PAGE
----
The effects of corticosteroid therapy on the immune system of patients with cancer deserve close attention but are actually not widely described. In particular, the possibility that corticosteroids might blunt the anti-tumour immune response and actually have a deleterious effect has been raised. The advent of immunotherapy using ICI and their rapid spread into the treatment of many tumour types has yielded marked and lasting response or even cure at the metastatic stage. Furthermore, their introduction at the early stages of disease, including as adjuvant therapy, highlights the need to adequately control the full spectrum of immunological effects of any other treatments being co-administered along with immunotherapy, notably GCs.

2. Effects of Glucocorticoids on the Immune System and the Immune Response in the Setting of Cancer

From a biological point of view, synthetic GCs, as for endogenous hormones, are liposoluble molecules that can cross the plasma membrane and bind their receptor within the cell. The GC receptor (GR, encoded by the NR3C1 gene) is thus activated and translocates to the nucleus in the form of a homodimer, where it regulates gene transcription (stimulation or repression) by directly binding to glucocorticoid response elements (GREs) [73]. In the absence of a ligand, GR localizes in the cytoplasm in a multiprotein complex containing heat shock proteins, immunophilins, and other chaperones, which improve the receptor’s affinity for the ligand and prevent the degradation of the receptors.
On top of these direct genomic effects, the complex ligand-GR also has indirect genomic effects through direct interactions with other proteins (including some transcription factors, such as NF-κB [74,75] or AP1 [76,77], resulting in their inhibition). In this way, GR regulates their transcription via protein-protein interactions (Figure 2).
Overall, the biological effects mediated by the action of the GR comprise an increase in the expression of genes involved in inhibiting inflammatory response [78], an inhibition of expression of genes involved in inflammation (including several pro-inflammatory cytokines). GCs also have various non-genomic effects on cells via regulation of homeostasis of intracellular calcium [79], generation of reactive oxygen species, or regulation of the pathways involved in inflammation or apoptosis [77]. Regarding the effects of GCs on immune response, these can be separated into effects on innate immunity and effects on adaptive immunity, with repercussions for anti-tumour immune response (Figure 3).

2.1. Effect of Glucocorticoids on Innate Immunity

GCs act as powerful modulators of inflammation since they are involved in three essential stages of inflammation, namely alarm, mobilization, and resolution. During the alarm phase, tissue macrophages, mast cells, and stromal cells secrete inflammatory mediators, such as lipid agents, vasoactive amines, and cytokines, after signalling activation via pattern recognition receptors (PRR), which bind danger signals to their receptor. GCs inhibit the downstream signalling pathways of numerous danger signals, thereby supressing the production of inflammatory mediators. For example, GCs can inhibit the signalling of Toll-like receptors (TLRs) at several levels, namely by binding the GCs ligand receptors leading to inhibition of transcription factors, such as NF-κB, activator protein 1 (AP1), or IRF3. GCs also promote expression of inhibitors of TLR signalling, such as Dual specificity protein phosphatase 1 (DUSP1), which attenuates the activity of kinase protein 1 activated by MAP kinases (MAPK1), and of IL-1R associated kinase 3 (IRAK-3) [80]. In addition, GCs also induce the leucine zipper protein (GILZ; also known as TSC22 domain family protein 3), which in turn strongly inhibits NF-κB [81]. The inhibition of certain TLR signalling factors has knock-on effects on other signalling pathways of inflammatory mediators, such as cytokines, which leads to suppression of cytokine production, especially pro-inflammatory cytokines, such as IL-1 beta, TNF alpha, interleukins (IL) 2, 3, 4, 5, 10, and 12, and interferon (IFN)γ [82]. During this phase, GCs can also inhibit the release of histamine by mast cells, thereby making it possible to limit the allergic reaction [83].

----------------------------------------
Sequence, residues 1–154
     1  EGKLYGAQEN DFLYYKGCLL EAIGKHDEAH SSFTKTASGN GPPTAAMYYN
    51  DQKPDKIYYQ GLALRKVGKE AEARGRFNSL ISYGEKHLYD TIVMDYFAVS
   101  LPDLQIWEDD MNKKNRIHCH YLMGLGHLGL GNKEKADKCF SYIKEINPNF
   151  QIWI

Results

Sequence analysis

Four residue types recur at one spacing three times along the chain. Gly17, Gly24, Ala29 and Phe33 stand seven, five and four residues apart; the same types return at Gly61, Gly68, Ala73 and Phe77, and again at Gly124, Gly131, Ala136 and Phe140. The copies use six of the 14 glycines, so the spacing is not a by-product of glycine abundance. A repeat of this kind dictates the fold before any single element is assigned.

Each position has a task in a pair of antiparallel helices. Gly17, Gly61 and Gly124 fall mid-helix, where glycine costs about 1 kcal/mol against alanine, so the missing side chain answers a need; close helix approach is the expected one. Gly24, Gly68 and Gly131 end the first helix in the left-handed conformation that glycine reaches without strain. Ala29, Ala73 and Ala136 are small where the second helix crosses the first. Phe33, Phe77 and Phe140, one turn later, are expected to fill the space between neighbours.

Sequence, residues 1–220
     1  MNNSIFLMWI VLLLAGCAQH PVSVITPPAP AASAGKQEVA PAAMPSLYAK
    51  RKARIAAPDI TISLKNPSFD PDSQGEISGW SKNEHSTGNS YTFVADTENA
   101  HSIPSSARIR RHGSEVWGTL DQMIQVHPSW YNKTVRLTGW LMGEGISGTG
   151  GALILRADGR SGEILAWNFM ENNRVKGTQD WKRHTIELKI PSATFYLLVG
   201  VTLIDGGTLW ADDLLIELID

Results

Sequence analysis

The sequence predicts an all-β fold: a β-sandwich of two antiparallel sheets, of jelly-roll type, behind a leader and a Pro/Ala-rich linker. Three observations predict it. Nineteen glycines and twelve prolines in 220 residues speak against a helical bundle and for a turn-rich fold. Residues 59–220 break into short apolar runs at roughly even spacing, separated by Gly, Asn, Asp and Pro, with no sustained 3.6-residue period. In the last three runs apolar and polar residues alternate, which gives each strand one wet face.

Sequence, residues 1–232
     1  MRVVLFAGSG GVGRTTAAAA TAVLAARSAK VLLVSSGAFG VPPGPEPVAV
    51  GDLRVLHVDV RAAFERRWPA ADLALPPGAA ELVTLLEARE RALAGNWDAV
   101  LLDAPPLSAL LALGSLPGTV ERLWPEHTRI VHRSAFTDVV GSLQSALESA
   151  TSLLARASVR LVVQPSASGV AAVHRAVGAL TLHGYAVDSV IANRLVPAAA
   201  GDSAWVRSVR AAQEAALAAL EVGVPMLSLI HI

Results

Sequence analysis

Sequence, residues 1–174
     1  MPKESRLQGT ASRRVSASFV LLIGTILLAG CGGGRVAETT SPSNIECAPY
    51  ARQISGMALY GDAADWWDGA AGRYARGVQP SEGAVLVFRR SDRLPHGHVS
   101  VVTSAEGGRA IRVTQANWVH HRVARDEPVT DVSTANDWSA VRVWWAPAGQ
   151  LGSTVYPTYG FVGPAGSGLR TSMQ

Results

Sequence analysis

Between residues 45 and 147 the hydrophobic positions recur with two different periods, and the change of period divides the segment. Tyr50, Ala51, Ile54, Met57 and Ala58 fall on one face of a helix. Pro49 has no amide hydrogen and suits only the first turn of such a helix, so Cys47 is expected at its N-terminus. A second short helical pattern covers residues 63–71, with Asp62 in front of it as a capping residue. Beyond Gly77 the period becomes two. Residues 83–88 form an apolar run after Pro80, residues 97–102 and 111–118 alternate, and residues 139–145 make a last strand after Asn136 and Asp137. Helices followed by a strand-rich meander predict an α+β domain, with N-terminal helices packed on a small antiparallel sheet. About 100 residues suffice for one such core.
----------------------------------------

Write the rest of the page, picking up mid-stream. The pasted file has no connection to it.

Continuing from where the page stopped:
During the mobilisation phase, GCs modulate the production of lipid mediators, such as prostaglandins and leukotrienes, thereby preventing vessel dilation and permeability [84,85]. GCs further act on recruitment and adhesion of leukocytes by inhibiting adhesion molecules (integrins and selectins) [86,87].
During the resolution of inflammation, GCs stimulate the differentiation of macrophages towards the M2 phenotype, which in turn produce TGF and IL-10, both cytokines implicated in the resolution of inflammation, enabling a return to the baseline state [88,89].

2.2. Effect of Glucocorticoids on Adaptive Immunity

A key element in cellular immunity is the activation of T-lymphocytes specific to the antigen mediated by the T-cell receptor. Antigen-presenting cells (APC) present antigens as peptides bound to major histocompatibility complex (MHC) class I or class II molecules to active CD8+ or CD4+ T-lymphocytes, respectively. GCs play an important role in adaptive immunity, notably in proliferation, differentiation, and functionality of T cells. In the context of glioblastoma, a decrease in the number of intratumoral immune cells, specifically T cells, was demonstrated after dexamethasone treatment in a murine model [90].